I like Banana Republic (BR). If I’m shopping in person, I’ll try everything on, but since I’m shopping online, I want to minimize the risk of a return. I decide to look at the category where I’ve had the most shopping success in the past: dresses. I check my closet for BR dresses: I’ve got three. I check their sizes, styles and colours, and bring them down to my computer in case I need to check more details while shopping.

Banana Republic groups their clothing by category and occasion

BR has their dresses categorized. If this isn’t revolutionary to you, have you ever been to an online clothing site that shows pages and pages of items of every type, length, style, and season, all sorted by price? It’s like an online garage sale. You might find what you want but you will probably give up before you do. The categories immediately give me a sense of where to look to get what I want. There’s Easy go-tos, Dress up it’s Friday, Instant sunshine: floral dresses, Fresh start: little white dresses, and Maxi & midi dresses. I go to Instant Sunshine and start clicking.

After looking at a dozen items, I choose a pretty dress and this is where I see the genius of BR’s page design.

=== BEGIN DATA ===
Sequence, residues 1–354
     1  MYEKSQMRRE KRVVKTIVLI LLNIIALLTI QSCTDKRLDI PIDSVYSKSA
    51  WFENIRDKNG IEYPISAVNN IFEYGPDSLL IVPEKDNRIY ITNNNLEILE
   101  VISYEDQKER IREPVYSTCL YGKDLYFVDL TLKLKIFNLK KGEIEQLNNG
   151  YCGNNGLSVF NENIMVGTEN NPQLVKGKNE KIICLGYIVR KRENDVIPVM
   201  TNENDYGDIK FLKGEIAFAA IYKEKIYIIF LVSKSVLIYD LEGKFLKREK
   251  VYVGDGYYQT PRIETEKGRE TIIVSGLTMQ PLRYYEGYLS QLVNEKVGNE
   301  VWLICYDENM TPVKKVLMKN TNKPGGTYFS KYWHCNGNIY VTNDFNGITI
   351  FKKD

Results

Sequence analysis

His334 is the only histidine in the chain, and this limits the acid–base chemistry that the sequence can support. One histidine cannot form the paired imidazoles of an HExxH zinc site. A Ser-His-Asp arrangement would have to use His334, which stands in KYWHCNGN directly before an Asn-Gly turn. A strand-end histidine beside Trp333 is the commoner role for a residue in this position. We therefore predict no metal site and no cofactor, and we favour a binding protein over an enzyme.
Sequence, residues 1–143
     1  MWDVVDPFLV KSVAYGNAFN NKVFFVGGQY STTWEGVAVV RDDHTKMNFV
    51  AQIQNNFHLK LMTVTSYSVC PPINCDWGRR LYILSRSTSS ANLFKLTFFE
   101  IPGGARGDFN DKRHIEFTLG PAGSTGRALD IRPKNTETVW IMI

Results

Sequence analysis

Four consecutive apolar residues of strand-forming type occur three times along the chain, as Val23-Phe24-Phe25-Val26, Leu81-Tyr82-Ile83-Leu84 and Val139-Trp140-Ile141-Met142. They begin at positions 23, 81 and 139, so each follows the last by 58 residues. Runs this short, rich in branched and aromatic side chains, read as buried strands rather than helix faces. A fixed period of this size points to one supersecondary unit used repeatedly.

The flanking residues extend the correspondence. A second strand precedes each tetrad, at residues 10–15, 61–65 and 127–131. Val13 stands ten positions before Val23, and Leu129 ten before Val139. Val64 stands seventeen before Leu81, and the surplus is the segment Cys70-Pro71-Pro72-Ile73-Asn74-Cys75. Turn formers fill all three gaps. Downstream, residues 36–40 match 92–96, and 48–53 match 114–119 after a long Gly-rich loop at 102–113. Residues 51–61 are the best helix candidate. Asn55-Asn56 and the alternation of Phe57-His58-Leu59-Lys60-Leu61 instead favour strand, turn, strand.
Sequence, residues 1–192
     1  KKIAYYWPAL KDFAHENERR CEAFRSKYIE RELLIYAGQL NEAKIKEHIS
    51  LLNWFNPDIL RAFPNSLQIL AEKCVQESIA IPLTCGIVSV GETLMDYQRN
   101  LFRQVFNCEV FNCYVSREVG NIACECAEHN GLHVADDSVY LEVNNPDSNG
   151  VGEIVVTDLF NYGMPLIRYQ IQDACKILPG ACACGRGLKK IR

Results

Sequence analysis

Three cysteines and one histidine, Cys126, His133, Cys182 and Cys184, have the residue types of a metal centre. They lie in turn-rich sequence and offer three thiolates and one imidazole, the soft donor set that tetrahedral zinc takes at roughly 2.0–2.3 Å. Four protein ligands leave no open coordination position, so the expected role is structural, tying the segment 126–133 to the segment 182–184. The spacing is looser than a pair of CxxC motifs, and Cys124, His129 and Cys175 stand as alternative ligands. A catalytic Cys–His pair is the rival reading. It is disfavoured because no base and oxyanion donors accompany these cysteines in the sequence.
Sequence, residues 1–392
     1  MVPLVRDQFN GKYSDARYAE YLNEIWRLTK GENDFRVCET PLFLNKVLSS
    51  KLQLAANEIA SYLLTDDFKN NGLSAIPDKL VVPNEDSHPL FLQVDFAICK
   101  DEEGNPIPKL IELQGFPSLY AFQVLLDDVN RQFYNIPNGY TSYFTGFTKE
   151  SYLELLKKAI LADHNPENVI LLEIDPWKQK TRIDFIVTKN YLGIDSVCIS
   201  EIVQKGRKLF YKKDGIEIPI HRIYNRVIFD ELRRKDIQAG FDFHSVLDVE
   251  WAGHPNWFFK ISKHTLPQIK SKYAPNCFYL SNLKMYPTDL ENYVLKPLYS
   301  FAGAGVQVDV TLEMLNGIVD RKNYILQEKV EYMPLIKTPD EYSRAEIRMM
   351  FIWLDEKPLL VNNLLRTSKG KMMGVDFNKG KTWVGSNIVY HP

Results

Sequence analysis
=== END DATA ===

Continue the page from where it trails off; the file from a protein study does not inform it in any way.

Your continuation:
Banana Republic understands pain points

Every question I have is answerable on this page, starting with huge photos of the dress style in 3 possible colours and a video showing how the dress moves. As Jackie said, erase or minimize all the customer’s pain points. My pain points are:

  • Is there one in my size?
  • Will it fit me like it fits the model?
  • What other colours are there?
  • What does it look like in real life?
  • Can I return it?
  • Does it have to be dry-cleaned?
  • What are the reviews for this dress?

Banana Republic is your fashion adviser

What do I wear with it?

I have trouble with this question ALL. THE. TIME. My favourite shops have fashionistas who advise me. On most other sites, I don’t buy accessories because I can’t imagine how they’d look together. Not Banana Republic. I was blown away by this section, which gives me three possible looks to combine with this dress. This section convinced me to choose a riskier colour because I could buy accessories that would dress it up or down.